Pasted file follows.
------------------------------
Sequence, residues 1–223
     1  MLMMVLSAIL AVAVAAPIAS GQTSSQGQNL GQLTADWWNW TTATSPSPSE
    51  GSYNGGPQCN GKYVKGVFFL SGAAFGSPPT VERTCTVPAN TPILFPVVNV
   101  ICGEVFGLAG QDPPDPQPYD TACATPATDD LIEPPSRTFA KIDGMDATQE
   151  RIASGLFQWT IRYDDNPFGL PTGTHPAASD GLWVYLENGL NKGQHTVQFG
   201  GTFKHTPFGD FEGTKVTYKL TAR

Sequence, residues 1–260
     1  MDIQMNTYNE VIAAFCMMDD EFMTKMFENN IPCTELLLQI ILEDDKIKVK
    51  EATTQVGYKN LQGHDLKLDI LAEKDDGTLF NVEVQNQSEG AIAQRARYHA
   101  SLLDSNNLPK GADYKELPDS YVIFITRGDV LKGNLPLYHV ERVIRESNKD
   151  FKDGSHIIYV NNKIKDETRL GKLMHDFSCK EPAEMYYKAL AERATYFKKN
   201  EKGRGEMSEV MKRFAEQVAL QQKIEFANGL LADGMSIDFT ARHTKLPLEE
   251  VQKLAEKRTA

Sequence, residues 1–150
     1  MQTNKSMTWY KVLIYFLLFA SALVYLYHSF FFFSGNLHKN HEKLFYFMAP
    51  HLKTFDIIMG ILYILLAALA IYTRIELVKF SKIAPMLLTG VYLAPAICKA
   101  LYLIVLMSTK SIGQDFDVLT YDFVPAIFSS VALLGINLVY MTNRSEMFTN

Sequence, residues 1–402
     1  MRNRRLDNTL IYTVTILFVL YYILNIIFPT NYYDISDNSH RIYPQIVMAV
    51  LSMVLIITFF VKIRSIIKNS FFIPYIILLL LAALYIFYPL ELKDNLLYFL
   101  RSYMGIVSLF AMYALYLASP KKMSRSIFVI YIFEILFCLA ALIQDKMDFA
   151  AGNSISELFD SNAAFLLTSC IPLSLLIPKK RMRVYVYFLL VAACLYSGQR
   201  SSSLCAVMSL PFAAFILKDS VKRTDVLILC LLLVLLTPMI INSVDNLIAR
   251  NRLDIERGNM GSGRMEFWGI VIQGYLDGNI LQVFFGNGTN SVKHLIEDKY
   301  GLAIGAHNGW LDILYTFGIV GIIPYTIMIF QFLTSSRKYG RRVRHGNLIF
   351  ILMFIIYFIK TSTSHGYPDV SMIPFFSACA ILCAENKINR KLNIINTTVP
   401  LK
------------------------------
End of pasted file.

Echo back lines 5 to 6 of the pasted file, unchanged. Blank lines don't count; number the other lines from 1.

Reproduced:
   151  RIASGLFQWT IRYDDNPFGL PTGTHPAASD GLWVYLENGL NKGQHTVQFG
   201  GTFKHTPFGD FEGTKVTYKL TAR